The loonie took its steepest plunge in three and a half decades yesterday, but analysts aren't ready to declare an end to the era of an overvalued currency.
Once again, the Canadian dollar has been sideswiped by the volatile realignment of world currencies. Last week, the global churn took the loonie to a high of $1.10 (U.S.), but yesterday, the move was in the opposite direction, with traders shaving more than 2 full cents off the currency.
It closed at $1.0322, down from 1.0607 on Friday. While the Bank of Canada was closed yesterday in lieu of Remembrance Day and did not provide official exchange rate figures, according to Bloomberg and Reuters it's the biggest dip since 1971 - even though nothing of consequence happened in Canada's economy yesterday.
"Gold is down, oil is down sharply. And we were overcooked last week. That's why we are falling more than you'd expect," said George Vasic, strategist for UBS Securities Canada Inc. "I would view this simply as a trading reversal based on what was simply a trading overshoot, just for the two weeks prior."
In a typical cycle, a currency trends in one direction for about four or five years, then overshoots as trading moves out of line with economic fundamentals. Then it slowly shifts direction, Mr. Vasic says.
But the Canadian dollar is not at the tipping point now, he added. He sees the currency holding relatively firm until the middle of next year, and maybe even appreciating to $1.10 again.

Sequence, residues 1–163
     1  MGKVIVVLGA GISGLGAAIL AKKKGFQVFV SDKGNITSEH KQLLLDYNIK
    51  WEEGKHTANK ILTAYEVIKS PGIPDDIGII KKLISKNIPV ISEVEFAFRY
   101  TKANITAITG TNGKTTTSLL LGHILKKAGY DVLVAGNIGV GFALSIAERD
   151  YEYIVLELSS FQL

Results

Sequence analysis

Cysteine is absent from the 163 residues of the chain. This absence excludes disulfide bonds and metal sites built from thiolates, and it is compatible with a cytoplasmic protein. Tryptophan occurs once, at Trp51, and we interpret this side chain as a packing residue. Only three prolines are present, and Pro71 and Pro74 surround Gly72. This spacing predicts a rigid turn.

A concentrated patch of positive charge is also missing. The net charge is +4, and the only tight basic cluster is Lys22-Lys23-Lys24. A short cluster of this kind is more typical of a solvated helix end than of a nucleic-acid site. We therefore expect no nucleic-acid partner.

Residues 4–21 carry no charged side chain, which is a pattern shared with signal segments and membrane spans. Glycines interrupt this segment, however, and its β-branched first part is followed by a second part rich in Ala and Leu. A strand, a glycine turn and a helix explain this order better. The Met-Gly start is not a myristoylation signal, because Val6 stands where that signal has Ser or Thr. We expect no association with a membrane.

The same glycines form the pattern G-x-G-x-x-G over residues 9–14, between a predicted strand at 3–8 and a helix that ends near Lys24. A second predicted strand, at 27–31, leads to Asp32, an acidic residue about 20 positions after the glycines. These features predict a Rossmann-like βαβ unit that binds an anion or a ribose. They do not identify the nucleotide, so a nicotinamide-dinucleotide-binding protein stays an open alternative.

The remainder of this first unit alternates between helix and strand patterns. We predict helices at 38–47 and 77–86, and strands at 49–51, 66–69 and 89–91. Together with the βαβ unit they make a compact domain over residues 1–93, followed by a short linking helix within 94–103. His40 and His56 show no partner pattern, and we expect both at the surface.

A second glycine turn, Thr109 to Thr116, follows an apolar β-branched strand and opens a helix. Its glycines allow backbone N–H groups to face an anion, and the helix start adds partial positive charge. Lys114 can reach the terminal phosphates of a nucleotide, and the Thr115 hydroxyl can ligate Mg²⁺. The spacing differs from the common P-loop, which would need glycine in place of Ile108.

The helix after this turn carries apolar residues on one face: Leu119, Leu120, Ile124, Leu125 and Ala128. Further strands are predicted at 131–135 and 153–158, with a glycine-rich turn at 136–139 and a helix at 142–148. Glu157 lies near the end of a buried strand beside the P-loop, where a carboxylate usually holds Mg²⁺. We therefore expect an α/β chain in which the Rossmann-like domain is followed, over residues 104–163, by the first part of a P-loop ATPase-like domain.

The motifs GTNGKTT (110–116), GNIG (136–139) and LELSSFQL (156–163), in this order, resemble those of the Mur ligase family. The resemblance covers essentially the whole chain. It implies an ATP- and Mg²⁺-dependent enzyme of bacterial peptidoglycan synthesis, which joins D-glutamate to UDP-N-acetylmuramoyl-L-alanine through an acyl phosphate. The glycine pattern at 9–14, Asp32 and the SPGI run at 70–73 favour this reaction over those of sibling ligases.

"You certainly cannot say this is the turning point for another five-year downward move in the Canadian dollar . . . And the reason for that is, do we really expect the U.S. dollar to rally in this kind of environment?"
While the European Central Bank and the Bank of Canada may eventually move to cut interest rates, the U.S. Federal Reserve will no doubt move first in order to prevent a recession, he said - further weakening the greenback and conversely strengthening other currencies.
The loonie's steep slide yesterday was partly linked to a growing nervousness about the global economy's ability to withstand a U.S. slowdown, said David Watt, a senior currency strategist at RBC Dominion Securities Inc., theglobeandmail.com reports.
The credit-related concerns along with the Canadian dollar's rapid ascent to modern-day highs have also created an environment ripe for profit-taking, said Scotia's Bradley.
"I wouldn't be surprised by the end of this week if you see quite a reversal in the speculative positions on the (International Monetary Market)."
Comments last week by Canadian Prime Minister Stephen Harper, Finance Minister Jim Flaherty and various U.S. investment firms saying the Canadian dollar is overvalued have added downward pressure to the currency, Bradley said.
Also, oil and gold prices were off their recent highs, making the Canadian dollar less attractive to investors, as Canada is a major commodities producer and exporter, said Matthew Strauss, senior currency strategist at RBC Capital Markets.
But he said that commodities prices were a secondary story, and that risk aversion was the main cause of the Canadian dollar's fall, Reuters reports.